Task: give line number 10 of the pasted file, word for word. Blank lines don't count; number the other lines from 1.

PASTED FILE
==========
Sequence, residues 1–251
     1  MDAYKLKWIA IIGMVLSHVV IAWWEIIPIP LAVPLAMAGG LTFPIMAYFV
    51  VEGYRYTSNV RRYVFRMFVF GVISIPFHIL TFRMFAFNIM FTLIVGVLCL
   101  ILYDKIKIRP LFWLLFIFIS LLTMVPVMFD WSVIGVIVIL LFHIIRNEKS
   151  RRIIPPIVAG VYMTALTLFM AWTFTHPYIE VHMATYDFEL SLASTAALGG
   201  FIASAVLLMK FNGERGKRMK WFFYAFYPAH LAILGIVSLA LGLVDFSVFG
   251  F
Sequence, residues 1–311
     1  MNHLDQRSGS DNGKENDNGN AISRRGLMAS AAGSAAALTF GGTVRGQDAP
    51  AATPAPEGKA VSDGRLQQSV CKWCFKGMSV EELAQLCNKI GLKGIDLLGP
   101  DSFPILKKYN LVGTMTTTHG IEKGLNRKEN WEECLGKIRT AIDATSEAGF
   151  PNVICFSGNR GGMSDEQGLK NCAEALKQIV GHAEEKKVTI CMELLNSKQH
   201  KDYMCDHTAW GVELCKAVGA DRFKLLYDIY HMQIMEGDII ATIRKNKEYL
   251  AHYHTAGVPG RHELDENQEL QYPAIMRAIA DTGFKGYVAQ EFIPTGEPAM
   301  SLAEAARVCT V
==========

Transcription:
    51  AATPAPEGKA VSDGRLQQSV CKWCFKGMSV EELAQLCNKI GLKGIDLLGP